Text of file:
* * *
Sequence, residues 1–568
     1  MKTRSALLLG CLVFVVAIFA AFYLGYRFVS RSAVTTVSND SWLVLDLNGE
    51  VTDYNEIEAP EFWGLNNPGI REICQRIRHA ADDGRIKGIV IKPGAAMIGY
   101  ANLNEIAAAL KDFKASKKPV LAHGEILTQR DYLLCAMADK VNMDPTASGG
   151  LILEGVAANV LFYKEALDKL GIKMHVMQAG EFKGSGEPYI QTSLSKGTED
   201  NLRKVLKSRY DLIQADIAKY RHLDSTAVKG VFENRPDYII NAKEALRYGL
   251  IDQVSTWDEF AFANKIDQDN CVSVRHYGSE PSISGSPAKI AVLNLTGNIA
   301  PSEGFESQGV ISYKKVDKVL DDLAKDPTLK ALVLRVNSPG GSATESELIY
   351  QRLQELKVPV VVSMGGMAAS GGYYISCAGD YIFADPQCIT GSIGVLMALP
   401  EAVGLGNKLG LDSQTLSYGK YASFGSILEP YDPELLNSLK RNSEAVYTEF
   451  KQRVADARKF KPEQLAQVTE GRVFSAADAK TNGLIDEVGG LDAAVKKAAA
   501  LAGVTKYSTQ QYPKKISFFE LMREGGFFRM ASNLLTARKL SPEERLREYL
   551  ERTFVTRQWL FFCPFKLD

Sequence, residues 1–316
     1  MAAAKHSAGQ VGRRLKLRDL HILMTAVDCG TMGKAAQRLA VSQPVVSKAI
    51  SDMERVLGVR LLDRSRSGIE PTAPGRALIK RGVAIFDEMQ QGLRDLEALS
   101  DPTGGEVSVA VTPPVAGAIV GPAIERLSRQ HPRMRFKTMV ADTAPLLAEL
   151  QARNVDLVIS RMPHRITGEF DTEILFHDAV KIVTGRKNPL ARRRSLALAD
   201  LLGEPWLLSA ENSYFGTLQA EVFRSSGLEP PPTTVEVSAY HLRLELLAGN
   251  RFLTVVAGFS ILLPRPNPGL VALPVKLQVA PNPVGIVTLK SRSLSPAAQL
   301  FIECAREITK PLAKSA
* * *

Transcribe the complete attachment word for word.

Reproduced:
Sequence, residues 1–568
     1  MKTRSALLLG CLVFVVAIFA AFYLGYRFVS RSAVTTVSND SWLVLDLNGE
    51  VTDYNEIEAP EFWGLNNPGI REICQRIRHA ADDGRIKGIV IKPGAAMIGY
   101  ANLNEIAAAL KDFKASKKPV LAHGEILTQR DYLLCAMADK VNMDPTASGG
   151  LILEGVAANV LFYKEALDKL GIKMHVMQAG EFKGSGEPYI QTSLSKGTED
   201  NLRKVLKSRY DLIQADIAKY RHLDSTAVKG VFENRPDYII NAKEALRYGL
   251  IDQVSTWDEF AFANKIDQDN CVSVRHYGSE PSISGSPAKI AVLNLTGNIA
   301  PSEGFESQGV ISYKKVDKVL DDLAKDPTLK ALVLRVNSPG GSATESELIY
   351  QRLQELKVPV VVSMGGMAAS GGYYISCAGD YIFADPQCIT GSIGVLMALP
   401  EAVGLGNKLG LDSQTLSYGK YASFGSILEP YDPELLNSLK RNSEAVYTEF
   451  KQRVADARKF KPEQLAQVTE GRVFSAADAK TNGLIDEVGG LDAAVKKAAA
   501  LAGVTKYSTQ QYPKKISFFE LMREGGFFRM ASNLLTARKL SPEERLREYL
   551  ERTFVTRQWL FFCPFKLD

Sequence, residues 1–316
     1  MAAAKHSAGQ VGRRLKLRDL HILMTAVDCG TMGKAAQRLA VSQPVVSKAI
    51  SDMERVLGVR LLDRSRSGIE PTAPGRALIK RGVAIFDEMQ QGLRDLEALS
   101  DPTGGEVSVA VTPPVAGAIV GPAIERLSRQ HPRMRFKTMV ADTAPLLAEL
   151  QARNVDLVIS RMPHRITGEF DTEILFHDAV KIVTGRKNPL ARRRSLALAD
   201  LLGEPWLLSA ENSYFGTLQA EVFRSSGLEP PPTTVEVSAY HLRLELLAGN
   251  RFLTVVAGFS ILLPRPNPGL VALPVKLQVA PNPVGIVTLK SRSLSPAAQL
   301  FIECAREITK PLAKSA